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Flashcards in Lecture 28 Deck (36):
1

What is the most common cancer in NZ?

Cancers of colon

2

What are the two main categories of tumours of the colon?

Benign: mainly polyps
Malignant: mainly adenocarcinomas

3

What are polyps?

A circumscribed growth or tumour which projects above the surrounding mucosa

4

What is needed to determine the nature of a polyp?

Biopsy to determine if neoplastic or nonneoplastic

5

What are the two types of non-neoplastic polyps?

Hyperplastic polyps
Inflammatory polyps

6

What are the properties of hyperplastic polyps?

Benign, usually asymptomatic, no malignant potential, small 3-6mm, common

7

What are the properties of inflammatory polyps?

Seen in inflammatory bowel disease, overgrowth, benign, pseudopolyps

8

What are adenomas?

Benign polyps with malignant potential (neoplastic polyps)

9

When do adenomas usually occur?

Most age over 50, M=F

10

Is familial prefisposition involved with adenomas?

YES

11

What can be seen in an adenoma?

Epithelial proliferation with variable degrees of dysplasia

12

What is meant by dysplasia?

Abnormal growth compared to the normal mucosa

13

What are the three types of adenomas? Describe them

Tubular adenomas: Most common, mostly tubular glands
Villous adenomas: Villous projections, often large and sessile
Tubulovillous adenomas: Mixture of above

14

What is meant by sessile?

Flatter base (no stalk)

15

What are the symptoms of polyps?

Most asymptomatic
May bleed, mucosal discharge
If larger, can cause altered bowel habit, bowel obstruction

16

What is the risk of transformation of adenomas to carcinoma associated with?

Polyp size: rare is less than 1 cm, larger results in greater chance of dysplasia and malignancy
Architecture: villous
Extent of dysplasia

17

What percentage of cancer deaths does colorectal cancer make up?

15%

18

What is the peak age for colorectal cancer?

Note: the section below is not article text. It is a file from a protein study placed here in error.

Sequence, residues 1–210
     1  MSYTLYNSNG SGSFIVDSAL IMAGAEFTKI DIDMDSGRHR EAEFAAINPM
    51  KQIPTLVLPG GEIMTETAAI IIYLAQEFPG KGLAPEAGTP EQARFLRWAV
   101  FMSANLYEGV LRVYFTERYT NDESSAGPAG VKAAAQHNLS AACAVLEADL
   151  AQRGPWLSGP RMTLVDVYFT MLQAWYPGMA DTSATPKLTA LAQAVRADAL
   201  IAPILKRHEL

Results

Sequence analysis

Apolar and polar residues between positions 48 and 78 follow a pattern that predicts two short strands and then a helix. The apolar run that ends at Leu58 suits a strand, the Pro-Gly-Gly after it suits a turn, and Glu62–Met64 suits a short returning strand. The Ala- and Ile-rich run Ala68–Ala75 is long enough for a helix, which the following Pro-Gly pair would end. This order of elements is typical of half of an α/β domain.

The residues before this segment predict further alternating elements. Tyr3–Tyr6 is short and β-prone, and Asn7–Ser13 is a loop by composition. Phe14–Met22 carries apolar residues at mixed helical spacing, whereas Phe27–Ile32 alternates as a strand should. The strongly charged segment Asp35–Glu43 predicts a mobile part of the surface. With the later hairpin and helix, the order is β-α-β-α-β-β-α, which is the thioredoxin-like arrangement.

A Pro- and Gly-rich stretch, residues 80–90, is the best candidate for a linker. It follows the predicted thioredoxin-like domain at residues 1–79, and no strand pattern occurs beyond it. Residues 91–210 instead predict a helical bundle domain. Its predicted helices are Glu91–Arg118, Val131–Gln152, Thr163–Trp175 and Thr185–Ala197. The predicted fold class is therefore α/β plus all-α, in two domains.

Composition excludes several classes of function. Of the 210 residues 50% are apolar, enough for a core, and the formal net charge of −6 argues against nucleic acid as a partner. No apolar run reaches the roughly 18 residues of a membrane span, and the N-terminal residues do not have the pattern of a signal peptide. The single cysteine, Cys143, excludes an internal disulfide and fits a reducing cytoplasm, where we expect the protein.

60-70, rare age less than 50

19

What should be considered when met with colorectal cancer in young patients?

Familial cancers

20

Does colorectal cancer occur more in males?

YES

21

What types of diets are associated with high risk for colorectal cancer?

High red meat
Low fibre
High carbs

22

In which countries is colorectal cancer prevalent?

Developed countries e.g. NZ, Australia, US

23

What is the pathology of colon cancer?

- Adenocarcinoma
- Variable differentiation
- Found in caecum, ascending, transverse, descending, sigmoid colon, rectum

24

Describe the staging of colorectal cancer?

T = extent of invasion of bowel wall
N = number of lymph nodes involved
M = metastatic disease present or not

25

What is determined by the stage of the tumour?

- Extent of disease
- Prognosis
- Optimal treatment

26

What are the clinical features of colorectal cancer?

Abdo pain, mucous discharge, PR bleeding, change in bowel habit, bowel obstruction
Right sided tumours may present with iron deficiency due to occult bleeding
Spread to regional nodes, liver, lung, bones
Constitutional symptoms such as weight loss and malaise

27

What is meant by occult bleeding?

Blood that is not clinically apparent to the patient

28

What is the mode of inheritance of familial polyposis syndrome?

Autosomal dominant

29

What does familial polyposis syndrome have a predisposition for?

Malignant transformation in colon and other sites

30

What is the most common type of familial polyposis syndrome?

Familial adenomatous polyposis

31

What happens in familial adenomatous polyposis?

Multiple adenomas in colon and elsewhere in the gut. Most tubular adenomas. Usually evident in adolescence. Transform into cancer. Prophylactic colectomy

32

What does HNPCC stand for?

Hereditary Nonpolyposis Colorectal Cancer

33

What is the mode of inheritance of HNPCC?

Autosomal dominant

34

What percentage of CRC is HNPCC responsible for?

5%

35

When do we consider HNPCC?

Family history or young age of onset

36

What causes HNPCC?

Due to inherited mutation in DNA mismatch repair gene